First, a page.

Mike: And I was just going to do an interview format. So once a month we’d find someone that I’m learning from or investing with, maybe it’s in multifamily real estate, maybe it’s in precious metals, maybe it’s in fine art, maybe it’s an oil and gas, who knows? But we’re going to interview that person on camera and we’re going to turn that into a monthly lesson and I’m going to document everything that I’m doing with my money. So if I make an investment, I’m going to document that on the site and for better or worse we’re going to learn from it. If I do well, great. If I bomb and lose my money then that’s an even more valuable lesson learnt.

Dan: It’s kind of like being your own. I love it because the motto is basically sharing your journey and documenting your journey and you kind of be the guinea pig for the audience, right?

Mike: Yeah, I mean I think when I had this idea the first thing I did is I went and I bought and I studied every other major financial newsletter product out there, Stansbury, Agora, Motley Fool, like all of them and what I realized is that all of these guys have been doing the same thing for 20-30 years. They have a physical newsletter or its email but it’s all text based and it’s all stock charts and stock picks. Really boring technical stuff that is for their primary target audience which is usually people in their 50’s and 60’s and I intentionally said okay, I’m going to do the complete opposite of what they’re doing in every possible way.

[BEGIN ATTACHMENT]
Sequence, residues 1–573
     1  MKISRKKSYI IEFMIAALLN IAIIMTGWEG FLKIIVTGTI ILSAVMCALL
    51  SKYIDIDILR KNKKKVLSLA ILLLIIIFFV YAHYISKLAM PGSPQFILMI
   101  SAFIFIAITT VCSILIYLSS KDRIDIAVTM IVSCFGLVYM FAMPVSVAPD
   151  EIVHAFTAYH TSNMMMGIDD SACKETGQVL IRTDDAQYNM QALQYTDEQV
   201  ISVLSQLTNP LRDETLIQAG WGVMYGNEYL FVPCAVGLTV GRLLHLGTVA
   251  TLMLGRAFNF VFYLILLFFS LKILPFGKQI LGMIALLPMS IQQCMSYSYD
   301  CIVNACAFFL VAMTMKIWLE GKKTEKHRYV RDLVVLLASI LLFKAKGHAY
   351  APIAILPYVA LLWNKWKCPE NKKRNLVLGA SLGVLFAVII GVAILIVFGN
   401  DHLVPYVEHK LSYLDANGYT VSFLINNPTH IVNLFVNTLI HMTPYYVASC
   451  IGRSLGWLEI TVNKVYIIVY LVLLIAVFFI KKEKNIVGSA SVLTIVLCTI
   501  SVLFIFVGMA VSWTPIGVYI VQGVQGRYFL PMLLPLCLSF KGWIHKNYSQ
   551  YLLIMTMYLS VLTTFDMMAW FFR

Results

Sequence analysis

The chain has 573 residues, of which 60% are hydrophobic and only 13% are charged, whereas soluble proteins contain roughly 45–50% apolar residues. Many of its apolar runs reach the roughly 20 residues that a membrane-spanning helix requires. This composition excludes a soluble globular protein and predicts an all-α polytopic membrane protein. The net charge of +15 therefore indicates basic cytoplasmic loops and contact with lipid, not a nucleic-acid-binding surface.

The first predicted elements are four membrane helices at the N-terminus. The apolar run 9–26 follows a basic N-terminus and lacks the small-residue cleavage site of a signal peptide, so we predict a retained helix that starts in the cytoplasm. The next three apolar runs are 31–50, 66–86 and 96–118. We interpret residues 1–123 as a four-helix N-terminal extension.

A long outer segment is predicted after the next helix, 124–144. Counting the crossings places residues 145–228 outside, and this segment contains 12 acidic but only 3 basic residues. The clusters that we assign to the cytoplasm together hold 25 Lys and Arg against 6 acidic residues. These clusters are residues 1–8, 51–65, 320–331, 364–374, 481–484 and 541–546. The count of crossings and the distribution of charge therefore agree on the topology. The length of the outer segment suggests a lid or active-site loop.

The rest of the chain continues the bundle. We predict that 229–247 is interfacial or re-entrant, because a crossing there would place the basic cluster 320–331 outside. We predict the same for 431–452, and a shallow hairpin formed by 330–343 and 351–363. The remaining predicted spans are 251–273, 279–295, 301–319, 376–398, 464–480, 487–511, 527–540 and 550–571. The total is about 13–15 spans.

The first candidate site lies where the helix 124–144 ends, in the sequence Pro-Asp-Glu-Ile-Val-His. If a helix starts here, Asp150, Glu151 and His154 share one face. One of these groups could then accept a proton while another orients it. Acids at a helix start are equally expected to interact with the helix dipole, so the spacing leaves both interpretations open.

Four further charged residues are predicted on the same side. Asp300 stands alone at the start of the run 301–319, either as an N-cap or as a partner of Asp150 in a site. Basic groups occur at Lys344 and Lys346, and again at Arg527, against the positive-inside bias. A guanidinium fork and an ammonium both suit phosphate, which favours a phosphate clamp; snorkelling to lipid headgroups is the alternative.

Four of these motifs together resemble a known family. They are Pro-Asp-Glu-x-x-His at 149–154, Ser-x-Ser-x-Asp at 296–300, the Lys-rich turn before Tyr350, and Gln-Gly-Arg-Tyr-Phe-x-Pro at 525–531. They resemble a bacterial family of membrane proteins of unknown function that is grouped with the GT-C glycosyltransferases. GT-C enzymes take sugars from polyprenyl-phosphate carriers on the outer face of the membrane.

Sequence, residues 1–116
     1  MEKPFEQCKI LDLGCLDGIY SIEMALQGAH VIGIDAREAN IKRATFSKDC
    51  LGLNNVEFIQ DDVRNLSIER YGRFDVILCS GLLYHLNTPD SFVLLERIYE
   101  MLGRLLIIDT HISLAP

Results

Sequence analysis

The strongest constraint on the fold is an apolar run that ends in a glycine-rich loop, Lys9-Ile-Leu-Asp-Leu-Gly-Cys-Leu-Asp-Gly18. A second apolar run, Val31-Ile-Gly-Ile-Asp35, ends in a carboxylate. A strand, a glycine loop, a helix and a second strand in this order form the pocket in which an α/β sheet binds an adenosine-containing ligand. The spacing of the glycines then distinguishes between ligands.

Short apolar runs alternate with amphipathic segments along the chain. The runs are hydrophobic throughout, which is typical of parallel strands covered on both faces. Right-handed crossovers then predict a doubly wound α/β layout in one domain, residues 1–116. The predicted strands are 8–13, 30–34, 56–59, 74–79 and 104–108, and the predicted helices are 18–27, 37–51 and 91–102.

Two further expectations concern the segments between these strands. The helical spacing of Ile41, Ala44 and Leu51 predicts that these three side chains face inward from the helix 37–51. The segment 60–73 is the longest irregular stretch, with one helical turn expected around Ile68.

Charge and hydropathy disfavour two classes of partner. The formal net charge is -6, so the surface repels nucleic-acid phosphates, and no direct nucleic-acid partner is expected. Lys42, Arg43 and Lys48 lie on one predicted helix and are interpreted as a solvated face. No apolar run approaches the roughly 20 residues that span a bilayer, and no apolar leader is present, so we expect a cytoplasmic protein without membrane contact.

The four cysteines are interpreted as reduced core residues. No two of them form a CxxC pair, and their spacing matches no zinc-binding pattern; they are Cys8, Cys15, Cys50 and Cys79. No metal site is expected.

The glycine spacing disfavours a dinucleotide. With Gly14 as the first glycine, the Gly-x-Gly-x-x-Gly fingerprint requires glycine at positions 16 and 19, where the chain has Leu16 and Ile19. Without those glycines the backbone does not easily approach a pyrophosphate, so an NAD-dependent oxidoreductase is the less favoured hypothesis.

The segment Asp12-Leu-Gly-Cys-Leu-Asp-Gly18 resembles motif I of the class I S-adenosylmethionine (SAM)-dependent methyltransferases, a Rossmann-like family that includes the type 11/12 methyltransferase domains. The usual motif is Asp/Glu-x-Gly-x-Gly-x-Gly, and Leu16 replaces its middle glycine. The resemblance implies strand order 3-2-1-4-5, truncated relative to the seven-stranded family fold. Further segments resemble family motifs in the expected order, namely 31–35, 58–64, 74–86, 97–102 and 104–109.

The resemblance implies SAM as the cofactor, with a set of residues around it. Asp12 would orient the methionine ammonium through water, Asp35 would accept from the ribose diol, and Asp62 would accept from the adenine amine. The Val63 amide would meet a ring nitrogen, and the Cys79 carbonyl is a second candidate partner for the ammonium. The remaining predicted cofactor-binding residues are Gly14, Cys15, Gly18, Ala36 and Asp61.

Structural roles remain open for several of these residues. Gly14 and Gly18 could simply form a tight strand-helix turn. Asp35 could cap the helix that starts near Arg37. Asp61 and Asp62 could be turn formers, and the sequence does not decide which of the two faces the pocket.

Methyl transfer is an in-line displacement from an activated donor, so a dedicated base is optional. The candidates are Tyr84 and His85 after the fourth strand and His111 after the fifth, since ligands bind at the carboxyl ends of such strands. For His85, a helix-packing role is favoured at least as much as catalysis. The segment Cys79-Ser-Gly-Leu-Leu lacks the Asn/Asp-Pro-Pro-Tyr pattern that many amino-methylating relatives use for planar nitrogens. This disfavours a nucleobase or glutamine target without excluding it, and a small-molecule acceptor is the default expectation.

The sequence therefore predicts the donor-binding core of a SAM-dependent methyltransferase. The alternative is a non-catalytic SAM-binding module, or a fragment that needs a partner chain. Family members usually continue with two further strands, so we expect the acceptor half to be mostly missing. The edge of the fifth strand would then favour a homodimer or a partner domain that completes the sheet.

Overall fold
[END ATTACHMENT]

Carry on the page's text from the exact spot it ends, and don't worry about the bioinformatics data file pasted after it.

So if they’re putting everything in writing, I’m going to do everything on video. If they’re using technical charts and technical analysis, I’m not going to use any charts or any analysis I’m going to use layman’s term and I’m going to speak how I normally speak. So that was really the approach from kind of a look, a feel and a brand and we instantly stuck out, instantly, overnight, and I think that was a huge part of the success was the authenticity, the vulnerability, the transparency and the fact that in the sales webinar the first thing I say is, “I’m not a financial expert, I have no idea what I’m doing but I’m going to figure this out and if you want to follow along then hey you know let’s do this together,” essentially. So we charge 97 a month or 597 a year with the thought that if anybody applied to any one of these lessons over 12 months especially through the resources and the Rolodex, they would be very, very handsomely rewarded for that kind of a price point and within the first 7 days I just launched it to my list that I built in magnetic, we did 3.2 million dollars, we brought on 8600 plus members in a week and it just took on a life of its own from there.